I have some questions regarding this topics, maybe someone has solved these already? I want to use both ISP's at the same time (not that one is sleeping and inactive when the other one works) so that I can create backup tunnels and manage the firewall on both external addresses, and I configure link-monitor for switchover. Sometimes two ISP's are vlanned (I configure them so), sometimes they are in physically separate ports. Both interfaces, whether virtual or physical, belong to untrust zone which I use in policies. Routing has been done so that two default routes have equal distance but different priority -- I want that for usual traffic out always the primary will be chosen.
1. The test whether the connection works at all.
Well, I can make a port forward or backup tunnel and test it this way, but this is not any quick test. I have found that my usual approach doesn't work and that is that for ping-source I will set primary or backup external address and then ping something out. It works like that only sometimes! I mean, the ping out doesn't work for backup interface, but backup tunnel with headquarter works when I take down the primary tunnel, eg changing IP-address on the other side temporarily or something like that. In cases where pinging out doesn't work, I also can't manage Fortigate on the backup ISP's external address, but in cases where pinging out works, I can manage it. These two behaviours are somehow connected but how? I haven't noticed that it depends on software version or device model.
My tests and comparisons today confused me even more. Because when I pinged out, I watched "diag sniffer packet" output in another window and there it showed that in both cases -- where the ping actually worked and where it didn't -- the primary ISP's interface name was used!
Am I doing something wrong? I see that failovers actually work and tunnels also fail over, I've performed many tests in different environments, but just that initial test that I want to do when the connection is being set up by backup ISP, I don't yet know how exactly.
2. Is it correct that to ping (or tcp-echo or udp-echo) different servers in link-monitor configuration, then to use more than one server, the IP-addresses have to be separated by a _white space_? Or perhaps a comma? I don't want to test this in live systems and unfortunately the cli-reference assumes I know this.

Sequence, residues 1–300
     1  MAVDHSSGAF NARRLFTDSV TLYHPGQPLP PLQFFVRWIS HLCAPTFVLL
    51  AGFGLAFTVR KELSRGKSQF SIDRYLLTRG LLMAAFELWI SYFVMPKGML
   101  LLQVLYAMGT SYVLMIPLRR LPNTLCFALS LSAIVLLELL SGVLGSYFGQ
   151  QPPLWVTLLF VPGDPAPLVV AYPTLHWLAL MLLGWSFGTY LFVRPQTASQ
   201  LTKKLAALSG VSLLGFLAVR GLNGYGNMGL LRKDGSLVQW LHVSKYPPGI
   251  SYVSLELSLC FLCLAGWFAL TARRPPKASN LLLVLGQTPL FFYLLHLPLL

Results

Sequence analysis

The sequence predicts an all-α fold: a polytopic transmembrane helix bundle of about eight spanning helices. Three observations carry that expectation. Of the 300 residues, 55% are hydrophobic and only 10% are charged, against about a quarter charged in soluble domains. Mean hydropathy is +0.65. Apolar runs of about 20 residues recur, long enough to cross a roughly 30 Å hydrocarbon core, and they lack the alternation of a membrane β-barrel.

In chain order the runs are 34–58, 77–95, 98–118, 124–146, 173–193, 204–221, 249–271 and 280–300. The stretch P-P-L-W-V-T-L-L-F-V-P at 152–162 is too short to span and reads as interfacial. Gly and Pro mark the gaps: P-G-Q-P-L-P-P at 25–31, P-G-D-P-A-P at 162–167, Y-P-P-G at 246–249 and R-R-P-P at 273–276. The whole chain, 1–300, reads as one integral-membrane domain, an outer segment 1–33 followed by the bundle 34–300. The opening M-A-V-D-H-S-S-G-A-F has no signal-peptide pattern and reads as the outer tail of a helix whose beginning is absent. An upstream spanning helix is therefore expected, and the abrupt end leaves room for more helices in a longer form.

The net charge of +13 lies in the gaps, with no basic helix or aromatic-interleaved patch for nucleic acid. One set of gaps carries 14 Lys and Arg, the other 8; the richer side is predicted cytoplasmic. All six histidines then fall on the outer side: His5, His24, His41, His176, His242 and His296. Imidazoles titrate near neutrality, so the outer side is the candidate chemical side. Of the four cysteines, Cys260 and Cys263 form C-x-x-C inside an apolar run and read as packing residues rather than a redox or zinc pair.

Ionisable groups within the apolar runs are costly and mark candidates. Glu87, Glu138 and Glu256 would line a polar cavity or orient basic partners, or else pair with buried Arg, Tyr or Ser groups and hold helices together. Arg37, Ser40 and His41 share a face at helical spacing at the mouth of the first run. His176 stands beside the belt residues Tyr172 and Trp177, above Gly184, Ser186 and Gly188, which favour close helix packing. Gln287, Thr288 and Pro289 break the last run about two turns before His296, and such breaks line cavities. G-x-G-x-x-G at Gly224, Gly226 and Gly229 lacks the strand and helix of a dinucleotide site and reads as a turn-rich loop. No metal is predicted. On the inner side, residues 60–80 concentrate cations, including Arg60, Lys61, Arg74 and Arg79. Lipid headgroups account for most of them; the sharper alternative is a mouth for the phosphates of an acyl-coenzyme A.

3. If I add a third ISP into the configuration, how should link-monitor be configured then? Or if I want to monitor two other interfaces and use failover between those, independently of ISP interface failovers?
For 2., I finally got a chance to test this with a device on my table and the separation symbol is white space indeed. For example,
config system link-monitor
set server "<next-hop-address-by-traceroute>" "18.104.22.168" "<ISP-DNS-server>"
and similarly for the other one. (By the way, I entered them in another order, but Fortigate changed it so can it be that the order is not important?) I also found this from Handbook 5.2, page 1397.
But for the other one, I thought -- why should I have it similarly? Should I have any IP's at all because for example, the recoverytime parameter shows time when to go back to the first ISP. Why should I ping anything at all using backup ISP? I want to get back to the primary asap anyway and this will happen when ping succeeds through primary ISP. Is there any internal logic that may require having this? Or I am doing it just wrong?
Also, where could tcp-echo or udp-echo be useful? Are they usable in the same arp domain only? I tested tcp-echo and I got a switchover to backup ISP after the time that was set with timeout parameter.
Does anybody know how to traceroute out using the backup ISP's interface from the Fortigate device? So far I know only workarounds for this, eg using some internal server behind the Fortigate, or CLI-enabled switch, and create some special NAT policy or policy route for that.
I want to know the details :) I found some information in the FortiOS Handbook 5.2, page 2192, but that was not what I want to achieve.
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